Now suppose that you want to buy a property after say 5 years. You would definitely be tempted to take money from this corpus which you would have created in last 5 years. Now though this approach looks sane and full of common sense, the problem would be that this would break the COMPOUNDING. Once compounding breaks and you continue to invest for next 20 years (after 5 years from now), your PPF contribution would have become 52 Lacs & MF would have become 1.2 Crore (Down from 2.2 Crore in previous case). So, you should plan your big expenses in such a manner that you long term compounding is not interrupted.
So how can one do this? Though it may not seem like a good idea at first, what you can do is to reduce this 25K contribution in PPFs & MFs to around 15-20K. Park the remaining money every month in some recurring deposits or income funds. This way, you would have started preparing yourself for future expenses and would not be required to interrupt compounding of your investments.
Hope that helps. Others are welcome to pour in their thoughts. * – Thanks our reader Hemant Bhatia for bringing this to our notice.
As a friend, I was really happy that there are still people in my generation who are interested in investing for decades and not months. I decided that it would be interesting to share what I told him with my readers too.
Before, I gave him any advice, I confirmed the following –
– He is already using his 1 lac limit for saving taxes. So, I didn’t check for tax saver funds.
– He contributes to his PPF account regularly.
– He would not require this money which goes into mutual funds for atleast next 5 years.
– He is not interested in investing directly in equities.
The last one was to ensure that he was not investing in long term assets with an assumption of making money in short term. Also, anything less than 5 years may not be a good idea when discussing instruments which depend on equity markets.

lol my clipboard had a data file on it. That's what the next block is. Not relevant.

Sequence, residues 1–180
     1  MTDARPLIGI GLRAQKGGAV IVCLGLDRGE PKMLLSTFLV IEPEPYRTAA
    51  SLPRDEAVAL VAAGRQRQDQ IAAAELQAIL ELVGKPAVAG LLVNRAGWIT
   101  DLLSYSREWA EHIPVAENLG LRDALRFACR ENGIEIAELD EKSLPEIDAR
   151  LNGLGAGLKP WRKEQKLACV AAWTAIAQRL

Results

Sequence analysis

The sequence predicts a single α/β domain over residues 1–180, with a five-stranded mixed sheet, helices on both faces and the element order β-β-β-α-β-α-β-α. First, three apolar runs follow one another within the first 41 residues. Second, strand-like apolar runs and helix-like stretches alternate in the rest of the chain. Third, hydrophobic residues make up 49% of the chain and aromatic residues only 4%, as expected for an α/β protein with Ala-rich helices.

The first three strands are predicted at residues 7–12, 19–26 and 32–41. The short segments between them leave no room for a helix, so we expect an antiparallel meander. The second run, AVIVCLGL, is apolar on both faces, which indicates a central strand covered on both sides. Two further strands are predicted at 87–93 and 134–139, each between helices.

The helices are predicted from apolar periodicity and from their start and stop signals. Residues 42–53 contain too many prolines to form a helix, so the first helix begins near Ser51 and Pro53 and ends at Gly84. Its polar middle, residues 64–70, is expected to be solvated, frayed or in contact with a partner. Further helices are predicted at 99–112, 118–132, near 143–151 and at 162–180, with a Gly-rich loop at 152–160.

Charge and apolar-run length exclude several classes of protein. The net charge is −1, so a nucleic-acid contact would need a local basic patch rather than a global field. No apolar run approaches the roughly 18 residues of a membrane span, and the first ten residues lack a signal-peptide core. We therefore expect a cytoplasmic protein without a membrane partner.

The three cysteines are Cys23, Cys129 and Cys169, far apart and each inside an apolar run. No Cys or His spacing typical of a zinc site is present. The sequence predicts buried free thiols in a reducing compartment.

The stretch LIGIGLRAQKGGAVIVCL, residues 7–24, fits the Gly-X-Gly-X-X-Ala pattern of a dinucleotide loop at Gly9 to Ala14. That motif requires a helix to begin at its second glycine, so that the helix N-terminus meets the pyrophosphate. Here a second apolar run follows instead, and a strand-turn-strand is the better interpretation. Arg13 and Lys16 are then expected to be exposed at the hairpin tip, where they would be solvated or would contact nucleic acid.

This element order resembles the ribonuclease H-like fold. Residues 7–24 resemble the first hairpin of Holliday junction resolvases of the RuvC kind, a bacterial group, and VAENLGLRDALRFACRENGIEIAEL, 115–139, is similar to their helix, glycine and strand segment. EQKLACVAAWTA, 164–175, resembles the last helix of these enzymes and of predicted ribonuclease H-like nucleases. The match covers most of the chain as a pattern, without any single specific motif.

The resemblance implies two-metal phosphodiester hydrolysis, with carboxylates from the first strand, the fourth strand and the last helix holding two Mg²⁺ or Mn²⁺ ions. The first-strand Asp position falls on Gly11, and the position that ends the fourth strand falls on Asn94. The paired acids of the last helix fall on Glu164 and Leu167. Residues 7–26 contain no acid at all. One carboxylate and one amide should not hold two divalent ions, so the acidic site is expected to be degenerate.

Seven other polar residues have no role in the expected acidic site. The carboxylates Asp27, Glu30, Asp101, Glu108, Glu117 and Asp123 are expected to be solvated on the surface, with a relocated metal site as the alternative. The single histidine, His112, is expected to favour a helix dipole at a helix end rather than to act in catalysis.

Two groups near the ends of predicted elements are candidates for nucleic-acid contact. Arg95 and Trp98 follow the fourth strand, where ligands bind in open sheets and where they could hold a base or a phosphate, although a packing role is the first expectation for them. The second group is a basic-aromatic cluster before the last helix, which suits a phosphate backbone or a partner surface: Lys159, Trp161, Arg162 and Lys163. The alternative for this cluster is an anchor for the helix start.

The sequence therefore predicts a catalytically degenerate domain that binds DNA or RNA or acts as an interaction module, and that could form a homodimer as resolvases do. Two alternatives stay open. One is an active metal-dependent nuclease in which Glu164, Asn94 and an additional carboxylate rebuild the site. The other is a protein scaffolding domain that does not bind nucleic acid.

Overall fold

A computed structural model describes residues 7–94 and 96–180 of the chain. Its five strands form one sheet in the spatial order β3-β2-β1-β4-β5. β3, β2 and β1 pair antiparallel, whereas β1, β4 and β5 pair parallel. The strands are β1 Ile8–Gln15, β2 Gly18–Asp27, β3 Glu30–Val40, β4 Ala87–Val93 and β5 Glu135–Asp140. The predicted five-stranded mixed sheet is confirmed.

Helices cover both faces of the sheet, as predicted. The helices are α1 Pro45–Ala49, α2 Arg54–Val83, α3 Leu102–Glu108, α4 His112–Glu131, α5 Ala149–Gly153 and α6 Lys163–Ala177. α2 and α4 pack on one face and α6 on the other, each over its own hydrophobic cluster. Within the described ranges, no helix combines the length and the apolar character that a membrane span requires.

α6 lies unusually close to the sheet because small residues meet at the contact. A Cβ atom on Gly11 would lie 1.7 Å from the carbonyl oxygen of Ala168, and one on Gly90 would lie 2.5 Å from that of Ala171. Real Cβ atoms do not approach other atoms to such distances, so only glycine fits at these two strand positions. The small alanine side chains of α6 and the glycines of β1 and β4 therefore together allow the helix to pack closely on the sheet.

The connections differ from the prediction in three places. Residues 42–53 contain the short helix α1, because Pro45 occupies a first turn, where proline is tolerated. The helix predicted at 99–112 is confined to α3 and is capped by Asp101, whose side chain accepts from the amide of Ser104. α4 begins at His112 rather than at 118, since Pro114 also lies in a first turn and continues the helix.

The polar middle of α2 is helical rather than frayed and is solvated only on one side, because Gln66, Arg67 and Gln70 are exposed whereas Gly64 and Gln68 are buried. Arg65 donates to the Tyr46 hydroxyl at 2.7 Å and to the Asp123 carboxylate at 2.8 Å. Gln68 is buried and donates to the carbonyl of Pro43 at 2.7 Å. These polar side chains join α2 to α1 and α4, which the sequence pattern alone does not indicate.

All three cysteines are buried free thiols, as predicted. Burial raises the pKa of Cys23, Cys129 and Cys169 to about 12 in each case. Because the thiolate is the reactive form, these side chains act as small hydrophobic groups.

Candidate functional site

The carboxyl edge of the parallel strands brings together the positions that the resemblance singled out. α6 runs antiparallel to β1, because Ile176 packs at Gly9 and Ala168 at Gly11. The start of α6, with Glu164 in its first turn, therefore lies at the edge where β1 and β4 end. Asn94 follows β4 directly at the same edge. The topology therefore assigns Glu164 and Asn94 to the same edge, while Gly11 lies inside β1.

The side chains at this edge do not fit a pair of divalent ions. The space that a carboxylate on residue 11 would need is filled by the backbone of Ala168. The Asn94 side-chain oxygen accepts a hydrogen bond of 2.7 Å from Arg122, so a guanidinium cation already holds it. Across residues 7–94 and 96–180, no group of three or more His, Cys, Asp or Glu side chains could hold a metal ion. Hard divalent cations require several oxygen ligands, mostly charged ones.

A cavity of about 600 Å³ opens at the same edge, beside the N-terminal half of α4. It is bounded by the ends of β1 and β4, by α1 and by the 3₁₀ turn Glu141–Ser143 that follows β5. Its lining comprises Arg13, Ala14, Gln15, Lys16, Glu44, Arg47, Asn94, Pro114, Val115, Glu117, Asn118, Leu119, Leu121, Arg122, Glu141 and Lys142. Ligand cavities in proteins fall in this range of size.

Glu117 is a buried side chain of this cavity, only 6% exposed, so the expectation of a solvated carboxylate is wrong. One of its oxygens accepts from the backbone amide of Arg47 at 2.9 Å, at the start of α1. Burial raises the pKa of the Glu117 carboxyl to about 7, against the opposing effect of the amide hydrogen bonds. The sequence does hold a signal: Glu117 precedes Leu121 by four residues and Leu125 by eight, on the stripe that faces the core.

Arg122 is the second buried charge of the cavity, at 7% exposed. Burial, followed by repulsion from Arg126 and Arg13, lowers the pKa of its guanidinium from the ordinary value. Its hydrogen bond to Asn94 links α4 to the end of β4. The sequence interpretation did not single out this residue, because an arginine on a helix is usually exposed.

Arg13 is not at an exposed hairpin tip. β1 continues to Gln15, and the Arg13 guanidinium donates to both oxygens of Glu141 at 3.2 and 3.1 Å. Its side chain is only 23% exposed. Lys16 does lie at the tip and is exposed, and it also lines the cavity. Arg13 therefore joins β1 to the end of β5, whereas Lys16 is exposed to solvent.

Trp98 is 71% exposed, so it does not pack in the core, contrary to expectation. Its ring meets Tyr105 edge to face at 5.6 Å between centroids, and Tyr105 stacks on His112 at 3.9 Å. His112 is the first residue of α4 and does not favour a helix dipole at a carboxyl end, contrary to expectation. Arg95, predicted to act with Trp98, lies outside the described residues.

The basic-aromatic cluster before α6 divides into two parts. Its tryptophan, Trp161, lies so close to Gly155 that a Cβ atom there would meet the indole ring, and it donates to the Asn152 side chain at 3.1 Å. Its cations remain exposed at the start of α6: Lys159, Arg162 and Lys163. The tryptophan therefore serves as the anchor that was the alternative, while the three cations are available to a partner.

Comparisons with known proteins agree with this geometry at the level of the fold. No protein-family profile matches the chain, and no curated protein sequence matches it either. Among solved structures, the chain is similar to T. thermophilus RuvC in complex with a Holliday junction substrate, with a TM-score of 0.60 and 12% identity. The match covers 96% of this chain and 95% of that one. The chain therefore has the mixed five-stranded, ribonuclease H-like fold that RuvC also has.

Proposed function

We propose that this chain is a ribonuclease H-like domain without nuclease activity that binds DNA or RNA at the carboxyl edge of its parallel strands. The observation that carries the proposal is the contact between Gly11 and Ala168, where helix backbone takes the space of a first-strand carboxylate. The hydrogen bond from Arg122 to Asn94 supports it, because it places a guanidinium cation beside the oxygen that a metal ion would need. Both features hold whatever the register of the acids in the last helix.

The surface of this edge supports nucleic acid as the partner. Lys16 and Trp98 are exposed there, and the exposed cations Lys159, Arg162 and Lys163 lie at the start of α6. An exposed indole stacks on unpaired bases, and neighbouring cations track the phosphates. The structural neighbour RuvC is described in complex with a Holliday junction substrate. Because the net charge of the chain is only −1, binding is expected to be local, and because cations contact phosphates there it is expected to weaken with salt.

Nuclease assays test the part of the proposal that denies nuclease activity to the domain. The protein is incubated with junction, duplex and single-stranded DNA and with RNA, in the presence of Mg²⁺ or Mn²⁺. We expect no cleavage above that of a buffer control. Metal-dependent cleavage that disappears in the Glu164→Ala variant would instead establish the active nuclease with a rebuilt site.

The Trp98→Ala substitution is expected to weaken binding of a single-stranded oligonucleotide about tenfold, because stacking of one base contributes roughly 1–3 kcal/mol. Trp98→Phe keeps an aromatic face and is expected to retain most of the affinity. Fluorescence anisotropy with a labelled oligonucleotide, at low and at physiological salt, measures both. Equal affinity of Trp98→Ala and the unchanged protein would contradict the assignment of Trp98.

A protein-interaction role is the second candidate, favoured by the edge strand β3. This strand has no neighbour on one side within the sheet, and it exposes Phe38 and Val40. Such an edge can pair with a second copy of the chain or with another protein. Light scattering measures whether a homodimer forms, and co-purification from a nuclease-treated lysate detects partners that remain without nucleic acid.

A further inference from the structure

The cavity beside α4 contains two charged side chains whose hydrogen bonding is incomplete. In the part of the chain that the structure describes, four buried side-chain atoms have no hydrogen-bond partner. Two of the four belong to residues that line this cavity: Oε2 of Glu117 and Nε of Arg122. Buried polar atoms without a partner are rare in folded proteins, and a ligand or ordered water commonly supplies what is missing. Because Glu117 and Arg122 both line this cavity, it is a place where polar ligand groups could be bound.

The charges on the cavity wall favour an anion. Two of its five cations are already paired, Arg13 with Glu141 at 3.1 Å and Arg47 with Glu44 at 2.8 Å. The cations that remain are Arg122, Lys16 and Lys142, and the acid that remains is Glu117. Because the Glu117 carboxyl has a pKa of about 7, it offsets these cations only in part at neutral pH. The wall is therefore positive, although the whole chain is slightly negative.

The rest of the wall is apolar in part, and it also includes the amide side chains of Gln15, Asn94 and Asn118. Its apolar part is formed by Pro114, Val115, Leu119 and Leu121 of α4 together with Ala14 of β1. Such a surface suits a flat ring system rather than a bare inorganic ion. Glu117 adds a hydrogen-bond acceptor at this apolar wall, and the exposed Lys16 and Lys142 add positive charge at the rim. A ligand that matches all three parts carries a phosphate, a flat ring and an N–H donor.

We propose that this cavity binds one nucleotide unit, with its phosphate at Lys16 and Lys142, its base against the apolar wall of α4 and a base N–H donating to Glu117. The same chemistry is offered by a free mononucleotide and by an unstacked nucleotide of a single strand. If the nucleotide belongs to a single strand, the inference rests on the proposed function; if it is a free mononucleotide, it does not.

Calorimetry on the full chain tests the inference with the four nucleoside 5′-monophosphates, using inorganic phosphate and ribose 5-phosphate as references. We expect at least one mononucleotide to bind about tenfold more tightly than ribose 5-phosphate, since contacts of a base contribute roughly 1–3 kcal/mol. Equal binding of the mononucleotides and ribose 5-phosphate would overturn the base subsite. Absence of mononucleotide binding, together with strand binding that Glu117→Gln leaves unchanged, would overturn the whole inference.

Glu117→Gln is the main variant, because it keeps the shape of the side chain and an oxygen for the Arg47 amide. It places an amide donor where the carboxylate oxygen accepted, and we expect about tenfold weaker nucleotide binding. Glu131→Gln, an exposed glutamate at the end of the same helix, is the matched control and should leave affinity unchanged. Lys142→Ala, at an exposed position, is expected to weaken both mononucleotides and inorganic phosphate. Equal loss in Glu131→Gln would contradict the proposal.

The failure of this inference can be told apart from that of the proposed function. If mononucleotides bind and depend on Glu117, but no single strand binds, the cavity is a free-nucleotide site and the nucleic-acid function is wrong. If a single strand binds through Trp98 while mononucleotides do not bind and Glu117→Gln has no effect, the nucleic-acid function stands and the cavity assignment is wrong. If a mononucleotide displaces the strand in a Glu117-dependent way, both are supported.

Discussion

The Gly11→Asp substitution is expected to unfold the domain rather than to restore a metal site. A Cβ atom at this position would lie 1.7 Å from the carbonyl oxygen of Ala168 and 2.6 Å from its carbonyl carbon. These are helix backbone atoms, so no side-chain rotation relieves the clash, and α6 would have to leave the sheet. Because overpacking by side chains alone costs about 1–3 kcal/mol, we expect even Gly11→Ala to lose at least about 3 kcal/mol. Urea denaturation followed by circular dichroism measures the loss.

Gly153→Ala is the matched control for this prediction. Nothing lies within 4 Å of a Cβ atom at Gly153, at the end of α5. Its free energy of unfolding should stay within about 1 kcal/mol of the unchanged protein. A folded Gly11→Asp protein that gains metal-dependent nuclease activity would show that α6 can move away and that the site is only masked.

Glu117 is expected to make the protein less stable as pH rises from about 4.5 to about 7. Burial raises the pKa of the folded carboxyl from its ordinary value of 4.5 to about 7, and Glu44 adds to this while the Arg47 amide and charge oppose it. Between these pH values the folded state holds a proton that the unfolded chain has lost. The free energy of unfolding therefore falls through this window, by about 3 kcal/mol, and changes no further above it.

I advised him to divide his 10K into 3 parts – 4K, 3K & 3K. I think 3 funds would offer sufficient diversification. I suggested him the following 3 funds to start a Systematic Investment Plan:
How to divide 10K among 3 different Mutual Fund Schemes
I chose these funds because these have been in existence for atleast a decade. Hence they have proven themselves over multiple market cycles, i.e. ups and downs.
These funds may not give the best returns among the available universe of funds. But they have historically stayed in top 10% consistently. And that is no mean achievement considering the volatile nature of Indian stock markets.
Also, these funds don’t fall as much as the market does during correction.
I also suggested that he should go for GROWTH option and not DIVIDEND payout or reinvestment one. This choice is based on the principle of compounding.
Now this approach may not be the best one or the perfect one. But it is sane, simple and easy to implement.
If you belong to the same generation as me (born in mid-late 80s), then chances are that you would have heard about NSCs, but would not have invested in them. But if you are of a generation prior to me, then chances are high that some of your money might be invested in this instrument.
NSC stands for National Savings Certificates. These are reliable, tax efficient (tax exempt under section 80C) and guaranteed by the govt. You can read more about it here.
National Savings Certificate
So why is it that my generation is neglecting this instrument?
The main reason behind this is instrument’s so called ‘lower returns’. Lower when compared to more glamorous returns claimed by riskier ones like equities, mutual funds and ULIPs. Returns offered by NSC are between 8.5% and 8.8% depending on the flavour (5 year or 10 year) you chose. But since interest is calculated six monthly, the effective rate ranges between 8.78% and 9.00%. And that is not all. Investment in NSC can be claimed as a deduction under Section 80C. Also, the interest income is tax-exempted. So returns are much higher than what it seems at first glance. And these are assured returns with almost no risk, unless the govt. decides to default. 🙂
But there is another problem with NSCs. These instruments have a lock-in of 5 years and 10 years. Now this is an extremely long period for our impatient generation. But there is a way in which this lock-in can be managed in a way that an investor receives some money at the end of every year. The approach which I’ll discuss increases the liquidity of NSCs, with a little help from Fixed Deposits. This approach reduces the return a little. But that is a price we need to pay for increased liquidity. 🙂